A guiding compass through career progression
Now a Strategy and Transformation Analyst at Westpac, BFO Young Ambassador Christina Wu recalls her days as a Univeristy of Sydney student and the words from her Dean that 'doing business and doing good' should not be mutually exclusive. It is a statement that continues to guide her decision-making process as she progresses in her career.
Seven years ago I sat in a lecture hall at the University of Sydney, listening to the then Dean of the Business School talk about the potential impact of a career in business. I was in my final year of high school, attending the Aspiring Business Leaders Program held by the university. The thing that really stuck with me from that day was his closing remark, “doing business and doing good is not an oxymoron”. Seven years on, I still go back to those words every time I am faced with uncomfortable situations or difficult decisions. At this early stage in my career, I use it as my guiding compass.
It’s easy to blame “a few bad eggs” for what has transpired in our community, but it’s actually our collective responsibility to speak up when something doesn’t feel right rather than let issues go unchecked. Speaking up takes courage and I know how difficult it can be for young leaders to go against the tides and challenge those in authority. It may feel like we have so much at stake and we could risk jeopardising the rest of our career. However, there’s so much more to lose if we don’t stay true to our values. As soon as we let things slide, it becomes a slippery slope leading towards selective ignorance. William Wilberforce, a British Politician, and a leader in the abolition of slavery delivered a really powerful closing speech to the House of Commons in 1791 that I believe sums up the attitude that we ought to have at this defining moment in our industry. Wilberforce stated, “You may choose to look the other way but you can never say again that you did not know.” The banking Royal Commission was a reminder to me that each of us have a responsibility to do better for those we serve.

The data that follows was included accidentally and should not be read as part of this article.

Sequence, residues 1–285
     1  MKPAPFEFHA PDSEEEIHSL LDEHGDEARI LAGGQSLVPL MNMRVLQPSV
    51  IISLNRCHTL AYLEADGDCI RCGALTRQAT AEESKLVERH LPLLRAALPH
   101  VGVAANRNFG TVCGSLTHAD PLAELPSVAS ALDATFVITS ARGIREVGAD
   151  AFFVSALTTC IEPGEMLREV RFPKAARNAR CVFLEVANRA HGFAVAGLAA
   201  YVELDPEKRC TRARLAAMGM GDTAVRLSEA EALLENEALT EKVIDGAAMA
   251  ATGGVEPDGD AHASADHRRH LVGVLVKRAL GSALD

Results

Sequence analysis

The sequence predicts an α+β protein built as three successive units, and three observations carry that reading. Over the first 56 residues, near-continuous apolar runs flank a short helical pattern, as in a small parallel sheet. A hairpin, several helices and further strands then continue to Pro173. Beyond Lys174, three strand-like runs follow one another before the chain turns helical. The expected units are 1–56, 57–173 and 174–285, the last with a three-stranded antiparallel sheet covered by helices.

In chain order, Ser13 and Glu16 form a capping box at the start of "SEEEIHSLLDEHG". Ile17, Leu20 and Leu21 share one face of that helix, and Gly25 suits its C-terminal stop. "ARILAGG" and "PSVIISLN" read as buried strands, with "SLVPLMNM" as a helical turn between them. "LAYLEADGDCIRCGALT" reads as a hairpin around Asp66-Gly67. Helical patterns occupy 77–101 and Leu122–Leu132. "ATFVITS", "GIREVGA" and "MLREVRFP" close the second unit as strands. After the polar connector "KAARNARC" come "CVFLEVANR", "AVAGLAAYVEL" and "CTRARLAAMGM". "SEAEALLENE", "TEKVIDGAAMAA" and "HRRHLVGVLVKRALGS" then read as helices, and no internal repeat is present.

In order to live these values, we should constantly be seeking to educate ourselves on matters that affect people. Whether it be social, political, economic, or religious issues – it’s important that we broaden our minds and approach situations and people with empathy. A recent Forbes article titled, ‘How Millennials Are Changing the Face of Leadership’, illustrates the fact that our generation are striving to emulate a leadership style that is more empathetic and caring. Many are strong advocates for diversity and flexibility in the workplace. These attributes are so crucial and give us immense capacity to leave a positive impact on our industry and in our broader society.
Another way we can work at being better leaders is to learn from other people. If you are a young professional who is navigating their way through banking, finance, or any other industry for that matter, I encourage you to surround yourself with peers, leaders, and mentors who model the behaviours you seek to develop in yourself. Listen humbly to their experiences and advice, and take what you need from it to apply in your own lives and careers. As a young ambassador for the Banking and Finance Oath, I see the Crossroads Conference as a wonderful opportunity to meet other likeminded individuals who have committed to the same pledge as you, who will hopefully inspire and keep you accountable on your journey. Let’s help each other navigate this crossroad, because the path forward for our industry is one where doing business becomes synonymous with doing good for our communities.